Finally got around to catching up on my blogroll today, and found out that August is Breastfeeding Awareness Month (at least in the States) and that August 1-7 was World Breastfeeding Week. That led me to Storknet's monthly newsletter, with an article titled "Going for the Gold: World Breastfeeding Week 2008".
Within the article are some statistics, such as the fact that "in the United States, the percentage of infants ever breastfed increased from 60% of those born in 1993-94 to 74% of those born in 2005." Good news, right? But the article continues, "despite this increase in the number of women who initiate breastfeeding, only about 12% of infants continue to be breastfed exclusively for a full six months."
Now, to me, this is really poorly worded. The message is phrased as if it's motivational: we've achieved major improvement in this area, but we still need to work on this other area. Come on, everyone! Let's pull up our socks and get 'er done! ("USBC Chair Joan Younger Meek ... urges us to rise to the challenge and meet the goal of six months of exclusive breastfeeding.")
But this isn't something we as individuals can control. "You've lost ten pounds and are nearly at your goal. Five more to go - rise to the challenge!" = appropriate. "You're nearly finished cleaning the house, and you've done a great job on the bathrooms and kitchen. Now you just need to vacuum the livingroom - rise to the challenge!" = appropriate. "You are feeding your baby as much breast milk as you produce. Now you just need to start producing more, so she doesn't starve to death! Rise to the challenge!" = not appropriate. It's a physical attribute that we have no control over, and is analogous to asking us to change our eye colour via will power. Rise to the challenge!
With all the hubbub about Breastfeeding Week/Month, I'm seeing the phrase "exclusive breastfeeding" a lot, and it's irking me the way this is put on a pedestal. When I am in my most calm and rational mind, I understand that breastfeeding is a spectrum, and that the fact I am giving my daughter 70% breastmilk is fantastic, so much better than 0%. Sure, it's not 100%, but it's pretty great, nothing to feel ashamed of. I just wish this message were given to new moms, myself included; the image of a spectrum, rather than a binary state: Exclusively Breastfed vs. Not Exclusively Breastfed. Success vs. Failure. Good Provider vs. Inadequate Mother. Devoted Parent vs. Not Trying Hard Enough.
There are a lot of circumstances that lead to Not Exclusively Breastfed, and they are not all the same. One woman may decide not to breastfeed because she doesn't want to be tied to the baby all the time, and would prefer to spend her time at the gym working to get her pre-baby body back while the nanny gives the baby formula.* Another woman may pick up a nasty infection at the hospital during birth that interferes with her baby's ability to nurse, causing permanent damage to her supply. Yet another may return to work at three months post-partum, whether by her own choice or her employer's, and be unable to pump enough milk to sustain her child through the day at daycare. And another may have given birth prematurely, a situation that will lead to baby being formula-fed until s/he is strong enough to nurse.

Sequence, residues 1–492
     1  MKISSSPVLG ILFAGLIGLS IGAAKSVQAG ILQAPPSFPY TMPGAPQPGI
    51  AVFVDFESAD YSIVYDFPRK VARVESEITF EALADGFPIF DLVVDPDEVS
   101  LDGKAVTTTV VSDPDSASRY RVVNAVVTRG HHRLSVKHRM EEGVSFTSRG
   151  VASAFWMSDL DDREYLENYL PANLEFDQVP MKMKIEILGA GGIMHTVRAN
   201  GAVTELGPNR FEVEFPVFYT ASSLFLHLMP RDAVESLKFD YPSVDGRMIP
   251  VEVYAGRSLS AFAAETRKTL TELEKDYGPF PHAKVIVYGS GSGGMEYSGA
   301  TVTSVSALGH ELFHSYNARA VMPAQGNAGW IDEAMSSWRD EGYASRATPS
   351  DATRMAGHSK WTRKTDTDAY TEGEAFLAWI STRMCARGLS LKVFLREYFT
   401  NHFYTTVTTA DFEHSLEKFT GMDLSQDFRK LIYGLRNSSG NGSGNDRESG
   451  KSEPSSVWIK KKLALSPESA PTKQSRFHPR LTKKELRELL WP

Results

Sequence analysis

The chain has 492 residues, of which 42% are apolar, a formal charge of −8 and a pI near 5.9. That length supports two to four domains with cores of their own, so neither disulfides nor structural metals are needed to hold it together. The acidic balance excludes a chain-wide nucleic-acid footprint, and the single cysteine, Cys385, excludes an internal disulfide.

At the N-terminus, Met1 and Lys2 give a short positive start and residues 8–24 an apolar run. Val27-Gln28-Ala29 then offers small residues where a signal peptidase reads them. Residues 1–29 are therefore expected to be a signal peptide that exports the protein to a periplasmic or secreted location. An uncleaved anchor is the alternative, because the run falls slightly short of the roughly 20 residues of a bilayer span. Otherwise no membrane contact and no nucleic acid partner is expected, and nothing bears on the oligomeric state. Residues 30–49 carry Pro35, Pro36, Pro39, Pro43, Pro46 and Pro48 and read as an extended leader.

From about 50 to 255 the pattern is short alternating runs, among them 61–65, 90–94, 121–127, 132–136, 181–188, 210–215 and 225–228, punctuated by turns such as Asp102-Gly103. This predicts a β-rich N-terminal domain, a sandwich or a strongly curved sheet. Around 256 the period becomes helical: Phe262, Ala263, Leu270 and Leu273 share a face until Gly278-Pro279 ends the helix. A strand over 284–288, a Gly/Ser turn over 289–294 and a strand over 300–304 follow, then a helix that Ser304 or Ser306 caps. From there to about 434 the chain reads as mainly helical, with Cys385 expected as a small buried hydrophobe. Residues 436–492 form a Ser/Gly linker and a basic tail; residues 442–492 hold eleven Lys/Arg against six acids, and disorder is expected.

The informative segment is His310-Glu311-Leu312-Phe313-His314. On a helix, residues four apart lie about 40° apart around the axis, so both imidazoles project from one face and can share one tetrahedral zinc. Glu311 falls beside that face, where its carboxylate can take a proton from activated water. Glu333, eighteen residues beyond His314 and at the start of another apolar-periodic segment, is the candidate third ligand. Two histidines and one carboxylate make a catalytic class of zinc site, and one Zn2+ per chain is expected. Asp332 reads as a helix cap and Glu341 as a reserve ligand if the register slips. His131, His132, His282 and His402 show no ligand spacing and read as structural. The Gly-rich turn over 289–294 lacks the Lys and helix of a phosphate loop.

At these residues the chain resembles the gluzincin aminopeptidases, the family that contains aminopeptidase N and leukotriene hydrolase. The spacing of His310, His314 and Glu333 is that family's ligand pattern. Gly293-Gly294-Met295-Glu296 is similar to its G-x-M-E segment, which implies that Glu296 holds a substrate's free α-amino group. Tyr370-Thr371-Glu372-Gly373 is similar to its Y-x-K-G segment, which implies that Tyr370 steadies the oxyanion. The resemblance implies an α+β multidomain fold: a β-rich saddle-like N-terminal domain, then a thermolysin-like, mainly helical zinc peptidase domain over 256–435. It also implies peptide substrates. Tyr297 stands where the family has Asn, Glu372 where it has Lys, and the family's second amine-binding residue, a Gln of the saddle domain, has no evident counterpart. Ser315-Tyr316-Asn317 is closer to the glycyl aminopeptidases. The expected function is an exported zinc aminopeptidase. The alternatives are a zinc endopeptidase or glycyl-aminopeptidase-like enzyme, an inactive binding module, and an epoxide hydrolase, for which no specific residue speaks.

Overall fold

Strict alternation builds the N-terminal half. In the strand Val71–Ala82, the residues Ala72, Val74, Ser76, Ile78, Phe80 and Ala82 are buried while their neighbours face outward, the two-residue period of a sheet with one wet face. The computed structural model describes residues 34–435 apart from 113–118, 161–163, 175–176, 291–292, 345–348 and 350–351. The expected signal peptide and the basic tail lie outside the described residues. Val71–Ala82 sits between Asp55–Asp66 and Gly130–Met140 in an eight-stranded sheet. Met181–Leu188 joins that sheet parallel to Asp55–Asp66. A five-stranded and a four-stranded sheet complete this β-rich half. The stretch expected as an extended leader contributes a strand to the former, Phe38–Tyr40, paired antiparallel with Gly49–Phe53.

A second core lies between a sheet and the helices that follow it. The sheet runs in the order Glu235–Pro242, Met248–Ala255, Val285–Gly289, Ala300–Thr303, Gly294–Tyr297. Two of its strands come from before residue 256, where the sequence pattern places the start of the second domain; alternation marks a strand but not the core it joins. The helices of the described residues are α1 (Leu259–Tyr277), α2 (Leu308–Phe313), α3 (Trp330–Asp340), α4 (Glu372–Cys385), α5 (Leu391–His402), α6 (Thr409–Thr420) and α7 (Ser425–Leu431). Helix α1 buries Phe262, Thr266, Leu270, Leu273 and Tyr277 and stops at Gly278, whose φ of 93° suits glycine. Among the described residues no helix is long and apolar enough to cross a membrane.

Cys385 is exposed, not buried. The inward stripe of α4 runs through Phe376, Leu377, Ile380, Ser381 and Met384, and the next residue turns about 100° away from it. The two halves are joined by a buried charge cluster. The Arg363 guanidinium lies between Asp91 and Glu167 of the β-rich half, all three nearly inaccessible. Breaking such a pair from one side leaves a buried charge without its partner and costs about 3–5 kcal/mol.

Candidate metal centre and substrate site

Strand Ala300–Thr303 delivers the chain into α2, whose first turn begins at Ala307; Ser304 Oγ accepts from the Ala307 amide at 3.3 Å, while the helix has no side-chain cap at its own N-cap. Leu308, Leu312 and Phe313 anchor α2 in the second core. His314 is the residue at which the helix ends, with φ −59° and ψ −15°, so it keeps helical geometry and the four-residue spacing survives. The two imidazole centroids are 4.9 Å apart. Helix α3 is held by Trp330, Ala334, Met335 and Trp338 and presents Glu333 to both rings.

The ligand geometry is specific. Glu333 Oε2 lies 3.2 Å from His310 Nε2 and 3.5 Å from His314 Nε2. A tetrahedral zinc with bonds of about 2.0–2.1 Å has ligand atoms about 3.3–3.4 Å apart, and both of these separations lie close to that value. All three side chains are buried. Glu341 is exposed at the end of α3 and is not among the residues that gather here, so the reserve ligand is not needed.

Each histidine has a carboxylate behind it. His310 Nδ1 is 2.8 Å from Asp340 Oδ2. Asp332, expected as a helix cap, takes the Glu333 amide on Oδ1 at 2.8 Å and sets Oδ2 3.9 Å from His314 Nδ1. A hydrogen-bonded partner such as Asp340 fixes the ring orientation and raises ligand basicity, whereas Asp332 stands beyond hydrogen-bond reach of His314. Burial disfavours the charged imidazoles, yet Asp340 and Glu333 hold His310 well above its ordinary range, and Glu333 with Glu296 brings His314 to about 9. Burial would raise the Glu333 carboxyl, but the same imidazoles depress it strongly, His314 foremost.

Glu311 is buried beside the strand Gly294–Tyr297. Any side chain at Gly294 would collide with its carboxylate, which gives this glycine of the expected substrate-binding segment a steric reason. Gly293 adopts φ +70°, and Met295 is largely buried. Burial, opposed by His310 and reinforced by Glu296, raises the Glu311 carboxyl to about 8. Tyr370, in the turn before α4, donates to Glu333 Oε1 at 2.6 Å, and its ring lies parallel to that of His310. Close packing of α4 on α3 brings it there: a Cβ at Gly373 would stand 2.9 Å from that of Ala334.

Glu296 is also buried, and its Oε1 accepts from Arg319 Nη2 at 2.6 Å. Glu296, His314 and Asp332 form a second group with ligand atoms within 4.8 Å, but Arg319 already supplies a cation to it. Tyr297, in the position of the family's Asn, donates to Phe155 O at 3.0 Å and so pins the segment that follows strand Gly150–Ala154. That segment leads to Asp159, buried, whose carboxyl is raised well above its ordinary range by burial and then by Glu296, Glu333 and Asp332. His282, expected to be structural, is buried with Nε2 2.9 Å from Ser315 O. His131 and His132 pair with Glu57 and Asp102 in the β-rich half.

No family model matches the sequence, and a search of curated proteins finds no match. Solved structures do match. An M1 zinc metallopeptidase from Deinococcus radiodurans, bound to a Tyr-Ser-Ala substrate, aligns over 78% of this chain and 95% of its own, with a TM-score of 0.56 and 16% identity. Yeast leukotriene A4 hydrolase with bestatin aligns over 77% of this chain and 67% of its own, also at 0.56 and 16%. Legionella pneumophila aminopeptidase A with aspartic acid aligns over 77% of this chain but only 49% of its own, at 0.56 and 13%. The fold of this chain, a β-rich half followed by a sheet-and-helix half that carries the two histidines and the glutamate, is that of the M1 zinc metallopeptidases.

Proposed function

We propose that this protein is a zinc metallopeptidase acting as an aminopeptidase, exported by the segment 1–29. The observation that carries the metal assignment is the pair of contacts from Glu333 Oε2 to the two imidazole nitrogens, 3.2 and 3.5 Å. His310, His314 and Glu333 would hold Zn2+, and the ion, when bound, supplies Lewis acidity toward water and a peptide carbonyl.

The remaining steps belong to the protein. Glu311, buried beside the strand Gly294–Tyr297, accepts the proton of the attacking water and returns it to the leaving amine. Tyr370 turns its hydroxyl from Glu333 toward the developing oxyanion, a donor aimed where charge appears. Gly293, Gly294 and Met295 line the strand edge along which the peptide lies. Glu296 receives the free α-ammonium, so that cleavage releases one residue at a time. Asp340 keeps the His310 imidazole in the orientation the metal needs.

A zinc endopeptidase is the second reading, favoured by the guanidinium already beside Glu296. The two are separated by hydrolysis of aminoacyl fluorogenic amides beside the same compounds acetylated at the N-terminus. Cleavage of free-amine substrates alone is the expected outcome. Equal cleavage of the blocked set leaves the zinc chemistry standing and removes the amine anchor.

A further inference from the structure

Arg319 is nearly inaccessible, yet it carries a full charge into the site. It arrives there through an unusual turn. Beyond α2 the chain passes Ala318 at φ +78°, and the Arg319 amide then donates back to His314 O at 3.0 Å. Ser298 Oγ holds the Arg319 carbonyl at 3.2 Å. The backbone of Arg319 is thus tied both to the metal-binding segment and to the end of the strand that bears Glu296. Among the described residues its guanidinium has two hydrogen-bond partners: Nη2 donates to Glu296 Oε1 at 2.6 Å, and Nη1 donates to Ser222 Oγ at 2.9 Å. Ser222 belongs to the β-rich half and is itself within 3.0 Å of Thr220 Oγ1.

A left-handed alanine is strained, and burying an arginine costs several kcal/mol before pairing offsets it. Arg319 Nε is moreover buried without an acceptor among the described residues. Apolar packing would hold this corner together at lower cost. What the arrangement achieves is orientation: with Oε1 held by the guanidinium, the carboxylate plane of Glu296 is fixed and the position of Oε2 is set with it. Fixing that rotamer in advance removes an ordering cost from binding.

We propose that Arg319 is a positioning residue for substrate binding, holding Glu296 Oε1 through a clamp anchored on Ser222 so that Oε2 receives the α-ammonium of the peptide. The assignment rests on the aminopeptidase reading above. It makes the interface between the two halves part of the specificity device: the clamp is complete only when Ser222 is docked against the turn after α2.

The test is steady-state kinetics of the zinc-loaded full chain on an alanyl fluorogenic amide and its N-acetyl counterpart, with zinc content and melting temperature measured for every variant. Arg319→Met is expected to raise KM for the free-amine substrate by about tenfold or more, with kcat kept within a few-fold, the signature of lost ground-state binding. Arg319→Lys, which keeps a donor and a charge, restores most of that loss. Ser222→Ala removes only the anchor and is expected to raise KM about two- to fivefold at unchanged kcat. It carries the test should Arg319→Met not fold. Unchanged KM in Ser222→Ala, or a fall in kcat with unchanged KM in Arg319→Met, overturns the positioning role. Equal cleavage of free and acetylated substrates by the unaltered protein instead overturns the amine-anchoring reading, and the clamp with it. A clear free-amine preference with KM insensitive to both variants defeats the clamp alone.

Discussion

(*She may then write a book about it, which Mom #2 stares at in disbelief for two chapters before returning it to the library.)
Vastly different situations, and I'm sure you could think of dozens more. But all are lumped under the same FAIL category when we embrace the mindset that Exclusive Breastfeeding is the only goal worthy of praise.
Becoming a mother has hammered into me the truth of the statement, "The Personal is Political". I am suddenly no longer simply an individual, I am a Woman, a Mother, standing in for millions of my compatriots in whatever choices I make, whatever images I portray, whatever messages I accept. When I see an article like this one, and the incredible comments that follow, I don't just dismiss it as something distant and unrelated to me. I look at that mother's experience and realize it could be mine. I look at the vitriol contained in some of the comments and know that, by proxy, it is directed at me. I prepare myself for an "encounter" any time I nurse in public, and although I am more than prepared to quote the Canadian Charter of Rights and Freedoms if anyone asks me to sequester myself while nursing, it has not escaped me that in this, as in so many battles, there is no such thing as a win for the mothers. We are told to breastfeed, and subtly berated if we fall short of the exclusivity "gold standard". Yet there is little to no societal support for us doing so. And any mention or image of breastfeeding is so controversial, so uproarious, that we become entangled in protests, nurse-ins, flame wars, and litigation. Can't we all just get along?
What a quagmire. What a quandary. Is it any wonder that I sometimes look forward to the time when I will no longer be a nursing mother, and need no longer open myself up to such criticism and anger?